Introduction: Blue Buggy

About: Has code in brain, soldering iron in hand, Art Blakey blaring in the background... transforms techno babble into reality and is strangely fond of the ellipsis.

This instructable started many years ago... in the late 1970s to be exact.

My older brothers had these amazing gas powered dune buggies, and I wanted one too. Alas, I was a little to young at the time to be handling such gas-powered awesomeness (sigh).

Fast forward to modern day; I'm older and more responsible. It's dune buggy time!

No such luck... Cox International is still in business, but they don't make the Dune Buggy or Sandblaster any more. Ugh!

Off to eBay then... holy cats! $400 for vintage kit? I think not.

Time to take matters into my own hands - and recreate the dune buggy of my childhood. Attached, are the 3D models ready for printing. Alternatively, they are available on Thingiverse or the editable model can be had on Tinkercad.

Step 1: Assembly

Hardware is pretty basic...

  • M3 X .5 8mm Socket Cap Screws
  • M3 X .5 12mm Socket Cap Screws
  • M3 X .5 Press-fit Expansion Insert ( McMaster : 94510A240 )
  • M3 X .5 Hex Nut
  • M3 Flat Washer
  • 10 X 4 X 3 bearings

Non-printable components.

  • 2 X Continuous Rotation Micro Servos ( Adafruit )
  • 1 X High-torque Micro Servo ( Adafruit )
  • AA Battery Pack ( Adafruit )
  • Grifiti 2" Silicone Bands ( Grifiti )

Tools / Supplies

Step 2: Tires

Silicone is pretty slick stuff... you can improve traction between the band and the PLA wheel by adding a little Permatex Black Silicone Adhesive. Make sure to rough the surface of the wheel before adding the adhesive.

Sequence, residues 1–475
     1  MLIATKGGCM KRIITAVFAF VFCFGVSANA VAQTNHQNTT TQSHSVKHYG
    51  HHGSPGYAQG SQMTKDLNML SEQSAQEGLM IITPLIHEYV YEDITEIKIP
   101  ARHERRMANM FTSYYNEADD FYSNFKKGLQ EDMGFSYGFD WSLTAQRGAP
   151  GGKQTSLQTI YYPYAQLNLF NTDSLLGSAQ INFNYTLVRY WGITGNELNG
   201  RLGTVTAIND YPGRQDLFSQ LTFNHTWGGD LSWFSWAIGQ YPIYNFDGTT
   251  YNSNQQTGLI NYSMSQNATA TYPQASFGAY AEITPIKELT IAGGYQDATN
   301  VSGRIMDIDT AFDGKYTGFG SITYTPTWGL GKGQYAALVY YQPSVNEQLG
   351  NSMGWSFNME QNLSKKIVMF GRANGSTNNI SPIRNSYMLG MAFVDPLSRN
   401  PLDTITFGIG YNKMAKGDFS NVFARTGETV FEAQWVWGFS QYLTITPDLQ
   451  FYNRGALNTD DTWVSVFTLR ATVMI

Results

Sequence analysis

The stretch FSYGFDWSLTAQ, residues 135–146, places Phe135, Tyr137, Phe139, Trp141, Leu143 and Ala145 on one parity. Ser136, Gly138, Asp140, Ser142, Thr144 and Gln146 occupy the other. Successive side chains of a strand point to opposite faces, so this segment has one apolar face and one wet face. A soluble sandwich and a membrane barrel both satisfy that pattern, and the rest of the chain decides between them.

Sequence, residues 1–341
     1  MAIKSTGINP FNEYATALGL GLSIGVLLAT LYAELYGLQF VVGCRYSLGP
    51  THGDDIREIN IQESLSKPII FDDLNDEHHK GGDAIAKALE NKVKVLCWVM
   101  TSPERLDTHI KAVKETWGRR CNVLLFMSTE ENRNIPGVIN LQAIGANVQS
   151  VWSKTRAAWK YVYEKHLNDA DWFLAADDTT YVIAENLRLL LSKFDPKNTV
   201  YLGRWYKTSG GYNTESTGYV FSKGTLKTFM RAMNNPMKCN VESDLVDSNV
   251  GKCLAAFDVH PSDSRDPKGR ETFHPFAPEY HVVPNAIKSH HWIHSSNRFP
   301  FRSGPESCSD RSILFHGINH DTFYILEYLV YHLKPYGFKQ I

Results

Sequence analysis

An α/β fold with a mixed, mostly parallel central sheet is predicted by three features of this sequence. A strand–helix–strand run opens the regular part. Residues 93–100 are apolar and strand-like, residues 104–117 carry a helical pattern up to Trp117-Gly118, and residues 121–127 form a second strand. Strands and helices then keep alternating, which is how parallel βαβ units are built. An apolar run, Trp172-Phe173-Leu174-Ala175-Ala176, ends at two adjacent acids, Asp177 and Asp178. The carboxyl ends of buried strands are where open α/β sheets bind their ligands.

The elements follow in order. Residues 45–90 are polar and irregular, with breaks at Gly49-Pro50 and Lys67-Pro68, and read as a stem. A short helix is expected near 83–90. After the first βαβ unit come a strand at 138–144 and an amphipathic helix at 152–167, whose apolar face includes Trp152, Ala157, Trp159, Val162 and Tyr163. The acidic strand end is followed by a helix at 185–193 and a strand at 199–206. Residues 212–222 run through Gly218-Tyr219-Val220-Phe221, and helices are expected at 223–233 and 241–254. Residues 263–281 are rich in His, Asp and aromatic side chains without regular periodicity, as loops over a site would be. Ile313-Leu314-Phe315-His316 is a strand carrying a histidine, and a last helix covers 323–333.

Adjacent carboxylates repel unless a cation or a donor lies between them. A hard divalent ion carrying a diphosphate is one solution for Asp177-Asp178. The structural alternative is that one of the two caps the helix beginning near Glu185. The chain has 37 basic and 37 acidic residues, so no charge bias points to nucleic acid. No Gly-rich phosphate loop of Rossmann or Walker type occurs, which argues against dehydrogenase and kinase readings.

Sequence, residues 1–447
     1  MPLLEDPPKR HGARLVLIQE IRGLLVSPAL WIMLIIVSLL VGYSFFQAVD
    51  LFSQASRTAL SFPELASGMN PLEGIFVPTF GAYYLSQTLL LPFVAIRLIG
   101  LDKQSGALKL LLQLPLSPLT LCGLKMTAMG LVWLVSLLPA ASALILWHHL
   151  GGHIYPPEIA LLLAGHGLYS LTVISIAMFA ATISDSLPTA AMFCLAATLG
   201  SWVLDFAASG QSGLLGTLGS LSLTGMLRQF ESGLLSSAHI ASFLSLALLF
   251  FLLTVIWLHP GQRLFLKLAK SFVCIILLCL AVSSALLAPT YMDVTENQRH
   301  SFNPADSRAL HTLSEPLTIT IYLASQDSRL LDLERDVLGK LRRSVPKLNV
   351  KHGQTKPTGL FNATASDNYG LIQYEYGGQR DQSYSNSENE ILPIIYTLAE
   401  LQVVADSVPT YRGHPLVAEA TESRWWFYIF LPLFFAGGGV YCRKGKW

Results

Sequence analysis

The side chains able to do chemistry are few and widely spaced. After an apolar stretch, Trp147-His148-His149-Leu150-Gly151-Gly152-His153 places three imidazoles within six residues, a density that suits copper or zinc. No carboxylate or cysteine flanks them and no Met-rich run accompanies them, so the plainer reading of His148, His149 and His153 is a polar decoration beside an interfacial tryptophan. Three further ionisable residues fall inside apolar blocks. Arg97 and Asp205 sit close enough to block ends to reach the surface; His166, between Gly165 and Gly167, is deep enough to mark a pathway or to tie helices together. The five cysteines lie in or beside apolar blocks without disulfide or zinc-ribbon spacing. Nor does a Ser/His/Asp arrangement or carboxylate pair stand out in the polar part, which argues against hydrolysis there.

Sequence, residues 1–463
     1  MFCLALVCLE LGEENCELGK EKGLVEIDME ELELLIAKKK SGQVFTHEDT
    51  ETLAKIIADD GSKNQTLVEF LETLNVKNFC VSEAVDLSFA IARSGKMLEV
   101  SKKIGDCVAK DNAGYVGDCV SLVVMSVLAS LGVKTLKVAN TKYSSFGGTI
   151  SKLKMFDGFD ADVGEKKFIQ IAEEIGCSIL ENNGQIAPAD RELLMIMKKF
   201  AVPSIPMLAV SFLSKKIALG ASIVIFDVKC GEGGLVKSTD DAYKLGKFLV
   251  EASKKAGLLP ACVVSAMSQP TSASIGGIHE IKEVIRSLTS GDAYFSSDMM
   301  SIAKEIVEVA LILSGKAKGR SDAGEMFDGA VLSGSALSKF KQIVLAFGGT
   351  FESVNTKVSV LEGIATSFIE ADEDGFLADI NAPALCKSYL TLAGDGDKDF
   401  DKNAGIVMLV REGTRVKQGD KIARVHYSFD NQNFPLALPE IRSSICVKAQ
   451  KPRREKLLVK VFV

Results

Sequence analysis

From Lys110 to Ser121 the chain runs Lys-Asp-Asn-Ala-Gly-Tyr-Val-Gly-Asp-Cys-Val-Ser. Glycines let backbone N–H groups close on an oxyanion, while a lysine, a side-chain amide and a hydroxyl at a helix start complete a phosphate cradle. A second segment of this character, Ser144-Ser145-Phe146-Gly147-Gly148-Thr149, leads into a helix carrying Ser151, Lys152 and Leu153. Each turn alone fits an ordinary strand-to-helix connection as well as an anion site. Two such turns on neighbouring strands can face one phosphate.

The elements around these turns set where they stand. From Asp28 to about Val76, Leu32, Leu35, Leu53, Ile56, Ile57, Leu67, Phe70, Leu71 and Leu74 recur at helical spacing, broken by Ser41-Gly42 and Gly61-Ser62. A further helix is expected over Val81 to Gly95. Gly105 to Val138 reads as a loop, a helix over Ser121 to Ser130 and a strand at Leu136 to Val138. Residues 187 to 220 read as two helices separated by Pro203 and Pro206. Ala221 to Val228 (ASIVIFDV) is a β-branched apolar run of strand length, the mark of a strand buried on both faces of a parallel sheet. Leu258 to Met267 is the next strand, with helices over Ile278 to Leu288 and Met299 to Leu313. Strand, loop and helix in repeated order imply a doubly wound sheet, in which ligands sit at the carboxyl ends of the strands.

It will take 24 hours for this to cure - don't rush!

Step 3: Steering

Brass press-fit inserts are amazing... and make short work putting the front wheels together. If tolerances are too tight, you may have to warm the insert to get it to seat correctly.

Assemble the wheel bearing stack and screw the lot together. Your font wheels should go round-and-round smoothly.

Remove un-used arms from the servo horn... center the servo using a servo tester or with an RC transmitter/receiver, and screw the servo horn to the rack.

Step 4: Beyond...

Now, the easiest way to drive your Blue Buggy around is to use a standard RC transmitter, receiver, and a 5 volt battery pack. Or, you can add a microcontroller and go semi-atonomous using an IR Sensor similar to what I did with my Red Rover project.

Whatever you decide to do... have fun, and remember to let your little brother / sister have a turn.

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